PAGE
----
The city of The Colony is increasing its educational efforts on the proper ways to recycle.
Molly Owczar, director of customer services for the city, updated the City Council on Tuesday of efforts that are taking place now and will continue in 2021.
She said the city is placing educational stickers on recycle carts to inform residents of what can go into those bins to be recycled.
The general rule of thumb is “empty, clean and dry” and “don’t bag it.”
“It has already generated a positive buzz amongst our residents, calling saying, ‘We had no idea these are the only things that can go in there,’” Owczar said.
Owczar said an example of items people were unaware couldn’t go in the bins are grocery store plastic bags.
“So already in a week and a half it’s been educational greatness in my opinion,” Owczar said.
She said the city has also put information about the importance of keeping the carts 3 feet apart and away from other objects. She said many people are leaving the carts next to fences and gas meters.
“That leaves a lot of opportunities for the arms of the waste trucks to damage those things,” Owczar said. “So this is an awesome, awesome first step in our educational efforts, and I’m really, really pleased that these are already getting deployed.”
Owczar said the city has posted information on the city’s website under “utility” and “trash and recycling” that discuss things such as what can be included in bulk pickup, household hazardous waste, when green and bulk pickup dates are, holiday hours, contact information and more. She said the brochure is also available at City Hall.
Going forward Owczar said the city is also going to begin a recycle pilot audit program. She said specific routes will be selected and an audit will take place regarding their recycle contamination.
Owcar said that will be followed by a specific recycling education program that will last three to four months. Another audit will take place to see how effective the efforts were.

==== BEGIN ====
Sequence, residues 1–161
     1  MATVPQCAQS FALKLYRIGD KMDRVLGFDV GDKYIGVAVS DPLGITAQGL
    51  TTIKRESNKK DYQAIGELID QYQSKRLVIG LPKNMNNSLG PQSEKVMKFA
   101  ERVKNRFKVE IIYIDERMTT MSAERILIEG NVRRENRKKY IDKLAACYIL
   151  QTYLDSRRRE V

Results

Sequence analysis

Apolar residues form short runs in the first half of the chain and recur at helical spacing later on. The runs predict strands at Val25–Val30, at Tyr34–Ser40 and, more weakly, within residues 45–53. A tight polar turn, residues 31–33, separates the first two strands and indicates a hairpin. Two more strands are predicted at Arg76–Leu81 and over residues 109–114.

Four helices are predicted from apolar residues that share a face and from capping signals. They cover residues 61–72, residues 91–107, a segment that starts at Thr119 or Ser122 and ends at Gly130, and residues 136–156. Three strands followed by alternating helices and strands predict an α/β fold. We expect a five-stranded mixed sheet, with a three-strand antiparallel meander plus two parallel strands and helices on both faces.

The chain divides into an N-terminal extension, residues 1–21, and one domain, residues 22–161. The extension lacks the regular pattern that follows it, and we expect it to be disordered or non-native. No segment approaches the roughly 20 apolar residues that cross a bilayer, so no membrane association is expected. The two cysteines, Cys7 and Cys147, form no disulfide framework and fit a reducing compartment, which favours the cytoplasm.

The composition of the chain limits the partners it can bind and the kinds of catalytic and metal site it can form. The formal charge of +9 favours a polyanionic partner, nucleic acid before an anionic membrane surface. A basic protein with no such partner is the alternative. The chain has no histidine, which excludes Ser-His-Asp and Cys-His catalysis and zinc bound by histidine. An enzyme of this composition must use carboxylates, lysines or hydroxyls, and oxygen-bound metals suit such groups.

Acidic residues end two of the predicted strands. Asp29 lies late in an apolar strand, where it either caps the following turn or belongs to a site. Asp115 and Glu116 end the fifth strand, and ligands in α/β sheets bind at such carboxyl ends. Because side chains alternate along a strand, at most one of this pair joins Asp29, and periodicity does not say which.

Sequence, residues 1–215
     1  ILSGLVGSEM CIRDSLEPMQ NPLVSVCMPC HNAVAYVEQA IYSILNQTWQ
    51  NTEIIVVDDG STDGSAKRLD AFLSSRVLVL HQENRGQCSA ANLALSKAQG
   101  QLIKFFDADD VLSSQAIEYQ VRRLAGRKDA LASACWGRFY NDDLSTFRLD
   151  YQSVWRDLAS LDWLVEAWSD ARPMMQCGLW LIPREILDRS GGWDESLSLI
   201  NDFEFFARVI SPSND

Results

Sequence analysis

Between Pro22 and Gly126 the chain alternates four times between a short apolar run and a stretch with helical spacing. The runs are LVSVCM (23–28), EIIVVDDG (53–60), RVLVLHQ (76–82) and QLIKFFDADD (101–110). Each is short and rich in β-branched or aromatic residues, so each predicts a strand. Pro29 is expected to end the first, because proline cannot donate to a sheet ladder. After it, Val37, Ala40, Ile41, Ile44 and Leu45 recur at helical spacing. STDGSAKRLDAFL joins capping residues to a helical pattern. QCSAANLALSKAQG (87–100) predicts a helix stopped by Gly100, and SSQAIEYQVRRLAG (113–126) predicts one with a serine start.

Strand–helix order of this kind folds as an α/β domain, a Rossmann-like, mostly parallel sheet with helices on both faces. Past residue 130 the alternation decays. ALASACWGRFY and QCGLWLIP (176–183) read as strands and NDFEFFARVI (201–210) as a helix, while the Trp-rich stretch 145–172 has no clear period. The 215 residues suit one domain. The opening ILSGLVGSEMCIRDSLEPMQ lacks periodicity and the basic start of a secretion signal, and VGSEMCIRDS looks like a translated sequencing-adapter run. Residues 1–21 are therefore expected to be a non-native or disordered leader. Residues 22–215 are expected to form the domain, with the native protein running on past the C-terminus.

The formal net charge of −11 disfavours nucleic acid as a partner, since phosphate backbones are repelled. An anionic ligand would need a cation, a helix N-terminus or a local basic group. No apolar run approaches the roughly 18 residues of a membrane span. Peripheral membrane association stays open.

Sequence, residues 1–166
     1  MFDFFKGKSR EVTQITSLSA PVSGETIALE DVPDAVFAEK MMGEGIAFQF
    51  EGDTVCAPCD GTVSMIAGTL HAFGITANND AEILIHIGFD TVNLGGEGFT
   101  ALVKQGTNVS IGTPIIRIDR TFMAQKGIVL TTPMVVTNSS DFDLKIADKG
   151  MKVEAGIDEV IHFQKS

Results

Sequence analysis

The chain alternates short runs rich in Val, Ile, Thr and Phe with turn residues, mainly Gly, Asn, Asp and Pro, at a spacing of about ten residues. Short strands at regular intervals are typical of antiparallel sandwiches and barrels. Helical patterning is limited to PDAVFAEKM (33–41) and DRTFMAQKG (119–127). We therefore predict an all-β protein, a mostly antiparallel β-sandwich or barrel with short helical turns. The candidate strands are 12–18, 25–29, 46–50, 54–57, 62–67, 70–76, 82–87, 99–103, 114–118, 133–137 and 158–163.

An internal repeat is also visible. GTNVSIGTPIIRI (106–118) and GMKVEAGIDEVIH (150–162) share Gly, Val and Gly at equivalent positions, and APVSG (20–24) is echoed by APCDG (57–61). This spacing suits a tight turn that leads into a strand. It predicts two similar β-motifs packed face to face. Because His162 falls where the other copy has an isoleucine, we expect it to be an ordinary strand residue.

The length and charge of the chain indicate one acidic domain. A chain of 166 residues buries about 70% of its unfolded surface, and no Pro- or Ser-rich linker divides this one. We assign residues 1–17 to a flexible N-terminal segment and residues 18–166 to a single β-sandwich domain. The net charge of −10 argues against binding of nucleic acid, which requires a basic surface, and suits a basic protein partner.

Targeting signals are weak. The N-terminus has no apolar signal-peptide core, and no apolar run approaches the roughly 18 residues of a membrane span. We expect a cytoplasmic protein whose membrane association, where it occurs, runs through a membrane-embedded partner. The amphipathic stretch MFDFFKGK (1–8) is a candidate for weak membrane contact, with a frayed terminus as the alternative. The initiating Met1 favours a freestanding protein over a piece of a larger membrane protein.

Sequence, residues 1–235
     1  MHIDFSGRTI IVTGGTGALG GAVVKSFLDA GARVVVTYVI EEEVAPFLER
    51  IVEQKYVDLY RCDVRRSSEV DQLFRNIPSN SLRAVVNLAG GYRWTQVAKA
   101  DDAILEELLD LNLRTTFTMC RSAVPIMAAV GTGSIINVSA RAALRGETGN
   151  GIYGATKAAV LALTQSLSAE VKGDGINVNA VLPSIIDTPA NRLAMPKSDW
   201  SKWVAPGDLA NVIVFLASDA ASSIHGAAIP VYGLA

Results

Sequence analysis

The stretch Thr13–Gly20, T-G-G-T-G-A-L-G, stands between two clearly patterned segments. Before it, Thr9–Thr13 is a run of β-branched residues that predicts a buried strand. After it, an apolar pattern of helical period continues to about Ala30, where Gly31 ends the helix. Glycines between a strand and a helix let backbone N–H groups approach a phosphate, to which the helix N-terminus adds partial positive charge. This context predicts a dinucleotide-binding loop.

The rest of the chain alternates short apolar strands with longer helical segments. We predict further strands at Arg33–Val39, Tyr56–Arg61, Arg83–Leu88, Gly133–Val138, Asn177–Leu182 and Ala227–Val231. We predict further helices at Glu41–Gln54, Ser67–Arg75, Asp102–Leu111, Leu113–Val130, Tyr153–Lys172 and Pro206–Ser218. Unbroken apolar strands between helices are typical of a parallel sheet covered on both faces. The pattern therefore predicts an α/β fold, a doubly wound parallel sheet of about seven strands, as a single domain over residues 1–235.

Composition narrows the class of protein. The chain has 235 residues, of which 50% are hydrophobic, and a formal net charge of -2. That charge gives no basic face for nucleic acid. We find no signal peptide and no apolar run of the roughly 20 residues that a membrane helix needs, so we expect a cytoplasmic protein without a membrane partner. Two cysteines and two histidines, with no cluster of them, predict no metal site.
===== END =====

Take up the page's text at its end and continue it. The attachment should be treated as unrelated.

“And if the results are positive that will be an opportunity to have the discussion about rolling it out to the rest of the city,” Owcar said.
Owczar said the city is also creating a magnet to be sent to residents in the first quarter of the year. She said it has been simplified from the current magnet and includes information about when, where and what to recycle.
She said all of these efforts are designed to get the recycling contamination levels down.
Owcar said in the fourth quarter of 2019 the city conducted an audit and found that it had a contamination level of 22 percent.
“Not too bad, but what we would like to do is get down to 15 percent by the end of 2021,” Owcar said, “and then down to 10 percent by the end of 2022.”
Mayor Joe McCourry said he is happy with how the city’s efforts have already gone, noting that many cities are around 30 percent contamination.
“The fact that we’re 8 percent under that is awesome,” McCourry said. “It goes to how well they have listened, and they do read the things we send to them.”
In addition to recycling education, the city is also assessing its blue polycarts. She said the old Allied Waste carts or those that are damaged will be replaced in the first quarter of 2021. The Allied Waste or damaged green carts will be replaced immediately.